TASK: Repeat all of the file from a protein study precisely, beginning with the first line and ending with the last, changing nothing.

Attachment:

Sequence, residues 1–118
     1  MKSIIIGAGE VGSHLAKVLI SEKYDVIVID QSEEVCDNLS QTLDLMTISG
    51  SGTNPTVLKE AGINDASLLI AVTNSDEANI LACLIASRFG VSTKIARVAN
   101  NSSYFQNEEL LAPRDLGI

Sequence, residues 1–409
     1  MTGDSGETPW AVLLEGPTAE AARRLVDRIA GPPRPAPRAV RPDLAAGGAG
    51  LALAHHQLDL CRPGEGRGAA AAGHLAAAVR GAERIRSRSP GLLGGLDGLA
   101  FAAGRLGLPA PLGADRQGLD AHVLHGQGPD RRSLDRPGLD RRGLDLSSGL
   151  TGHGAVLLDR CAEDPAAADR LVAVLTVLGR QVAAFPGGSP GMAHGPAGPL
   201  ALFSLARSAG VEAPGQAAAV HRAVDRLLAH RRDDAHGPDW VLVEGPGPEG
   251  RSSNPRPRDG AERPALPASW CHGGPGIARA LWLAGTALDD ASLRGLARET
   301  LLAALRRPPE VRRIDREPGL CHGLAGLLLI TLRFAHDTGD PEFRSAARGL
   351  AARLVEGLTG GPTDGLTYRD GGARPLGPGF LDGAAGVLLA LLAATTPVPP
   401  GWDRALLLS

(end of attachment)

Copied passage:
Sequence, residues 1–118
     1  MKSIIIGAGE VGSHLAKVLI SEKYDVIVID QSEEVCDNLS QTLDLMTISG
    51  SGTNPTVLKE AGINDASLLI AVTNSDEANI LACLIASRFG VSTKIARVAN
   101  NSSYFQNEEL LAPRDLGI

Sequence, residues 1–409
     1  MTGDSGETPW AVLLEGPTAE AARRLVDRIA GPPRPAPRAV RPDLAAGGAG
    51  LALAHHQLDL CRPGEGRGAA AAGHLAAAVR GAERIRSRSP GLLGGLDGLA
   101  FAAGRLGLPA PLGADRQGLD AHVLHGQGPD RRSLDRPGLD RRGLDLSSGL
   151  TGHGAVLLDR CAEDPAAADR LVAVLTVLGR QVAAFPGGSP GMAHGPAGPL
   201  ALFSLARSAG VEAPGQAAAV HRAVDRLLAH RRDDAHGPDW VLVEGPGPEG
   251  RSSNPRPRDG AERPALPASW CHGGPGIARA LWLAGTALDD ASLRGLARET
   301  LLAALRRPPE VRRIDREPGL CHGLAGLLLI TLRFAHDTGD PEFRSAARGL
   351  AARLVEGLTG GPTDGLTYRD GGARPLGPGF LDGAAGVLLA LLAATTPVPP
   401  GWDRALLLS